Ann Stith died in 2005.
Rebel with a cause
By the time his wife talked him into running for public office, Mr. Stith already knew how to mount a campaign. She called him "the real rebel in the family" because he fought the hierarchy of the Catholic Church.
He was recruited to lead the Christian Presence, a group formed to implement Pope John XXIII’s Vatican II reforms. The group later wrote a letter criticizing Cardinal Joseph Ritter for urging Catholics to obey Pope Paul VI’s encyclical on birth control; their nickname became "The Dirty Thirty." Cardinal John Carberry labeled Mr. Stith a heretic for his beliefs about confession. Outside the Church, he and his wife were marching for civil rights and against the Vietnam War.
With battle scars from the ‘60s, he ran for alderman in Clayton in 1972. He won that race and the next five. Then he ran for mayor and won that, too — twice — serving from 1983-87.
Ben Uchitelle, an alderman during one of Mr. Stith’s mayoral terms, worked with him on a number of issues. They were not always in perfect agreement.;
"We intellectually locked horns," said Uchitelle, who later became mayor of Clayton. "When the issue of nonsmoking came up, he didn’t think that was the thing to do; I did. He later changed his mind.
"Dick was a good man; a man who thought clearly and fully and was willing to see the other side," Uchitelle added. "He was a person who cared deeply about Clayton and the entire St. Louis area."
Mr. Stith declined to seek a third term despite some urging, but would later strenuously oppose efforts to implement term limits.
"He was a popular mayor," his wife wrote, "but he decided to quit while he was ahead."
Mr. Stith immediately went on the Clayton Planning Commission and Architectural Review Board, just two of the many civic organizations he was destined to lead or support.
Shortly after returning from war, he helped found and was the first president of the St. Louis Chapter of the Marine Corps League. He was soon made chairman of Saint Louis University’s first alumni fund drive.
He was active in insurance industry trade associations, taught estate planning for the American College for 18 years and served on the board of Arundale, a plastics company.
Mr. Stith was president of the board of the United Nations Association of Greater St. Louis. Robert A. Cohn, editor-in-chief emeritus of the St. Louis Jewish Light, served with him.
“Richard was very civic-minded and very active in a variety of organizations,” Cohn said. “He brought his organizational expertise to the U.N.”
He served on the Board of Trustees at the Clayton Library and was chairman of Confluence St. Louis (now FOCUS St Louis). He was president of Hillcrest, his neighborhood association, the Public Questions Club and the Psychoanalytic Foundation. He was treasurer of the Institute for Theological Encounter with Science and Technology and was a member of the Bequest and Gift Councils of both Maryville College and Barnes Hospital.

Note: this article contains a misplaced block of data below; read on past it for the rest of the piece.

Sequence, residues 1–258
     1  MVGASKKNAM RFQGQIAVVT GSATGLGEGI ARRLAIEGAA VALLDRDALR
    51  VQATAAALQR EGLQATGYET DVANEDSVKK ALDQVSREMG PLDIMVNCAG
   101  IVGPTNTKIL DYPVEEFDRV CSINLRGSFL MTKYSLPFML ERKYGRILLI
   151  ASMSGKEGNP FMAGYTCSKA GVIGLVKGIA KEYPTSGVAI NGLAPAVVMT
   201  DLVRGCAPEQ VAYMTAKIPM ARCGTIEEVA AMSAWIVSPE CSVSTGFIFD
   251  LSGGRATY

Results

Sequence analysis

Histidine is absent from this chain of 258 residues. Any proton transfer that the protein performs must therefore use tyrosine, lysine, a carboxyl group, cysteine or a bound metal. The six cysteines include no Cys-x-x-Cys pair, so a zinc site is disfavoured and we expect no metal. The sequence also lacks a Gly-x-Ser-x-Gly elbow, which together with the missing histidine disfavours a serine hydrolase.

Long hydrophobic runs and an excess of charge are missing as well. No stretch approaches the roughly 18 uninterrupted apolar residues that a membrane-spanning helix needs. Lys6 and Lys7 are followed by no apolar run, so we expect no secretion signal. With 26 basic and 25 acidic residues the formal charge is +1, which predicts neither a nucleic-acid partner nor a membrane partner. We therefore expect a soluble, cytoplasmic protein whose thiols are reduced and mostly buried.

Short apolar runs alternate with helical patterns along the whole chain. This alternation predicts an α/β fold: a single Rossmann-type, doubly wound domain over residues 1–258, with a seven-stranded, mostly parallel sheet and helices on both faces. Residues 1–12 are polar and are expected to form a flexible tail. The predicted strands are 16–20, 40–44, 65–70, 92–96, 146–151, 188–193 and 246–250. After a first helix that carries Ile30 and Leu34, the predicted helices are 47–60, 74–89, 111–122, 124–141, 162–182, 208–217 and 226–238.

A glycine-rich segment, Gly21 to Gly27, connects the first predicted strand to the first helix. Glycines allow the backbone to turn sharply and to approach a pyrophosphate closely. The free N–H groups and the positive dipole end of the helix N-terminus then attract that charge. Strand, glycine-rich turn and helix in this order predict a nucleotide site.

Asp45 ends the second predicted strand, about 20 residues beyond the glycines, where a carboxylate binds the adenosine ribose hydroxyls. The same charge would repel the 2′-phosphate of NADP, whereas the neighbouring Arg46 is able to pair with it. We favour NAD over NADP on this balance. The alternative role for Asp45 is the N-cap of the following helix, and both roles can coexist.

He was a master fundraiser for many organizations.
“Dick was uniquely responsible for helping the Independence Center develop its first planned giving program,” Harvey said. Mr. Stith had helped found the center in 1981.
‘We are old’
The Stiths were in their 80s and nearing their 60th anniversary when Ann penned the book about their life.
As his golf games and tennis became less frequent and the worldwide float trips less strenuous, she wrote: "I find that in my old age I do a lot of remembering of times past. I think about our marriage most of all and what good fortune I have had in marrying Dick.”
In addition to his wife of 62 years and his parents, Mr. Stith was preceded in death by a daughter, Carter Stith Spano (John Spano); an infant son, Frank "Frankie" See Stith; his sister, Miriam Frances Stith, and brothers Lt. Col., USMC (Ret.) John Denvir Stith and Francis Gorman Stith.
His survivors include four children, Richard T. Stith III (Rosemarie) of Valparaiso, Ind., Kate Stith-Cabranes (José Cabranes) of New Haven, Conn., Laura Denvir Stith (Don Scott) of Kansas City, Mo., and Rebecca S. Stith (Gen Obata) of Tacoma, Wash.; two “adopted” sons, Yabo Lin (Hong Mei) and Mohan Phansalker (Prachee), and 10 grandchildren and one great granddaughter.
He is also survived by his companion, Marie Tramelli Morrison.
A memorial service will begin at 2:30 p.m. on Saturday, Feb. 23, at St. Francis Xavier (College) Church, Grand and Lindell, on the Saint Louis University campus. A reception will follow the service. Complimentary parking will be provided in the Laclede Avenue Garage. Burial will be private.
Memorials would be appreciated to Independence Center, 4245 Forest Park Ave., St. Louis, 63108, or to the Presidential Scholar Fund at Saint Louis University, 221 North Grand Boulevard, St. Louis, Mo. 63103.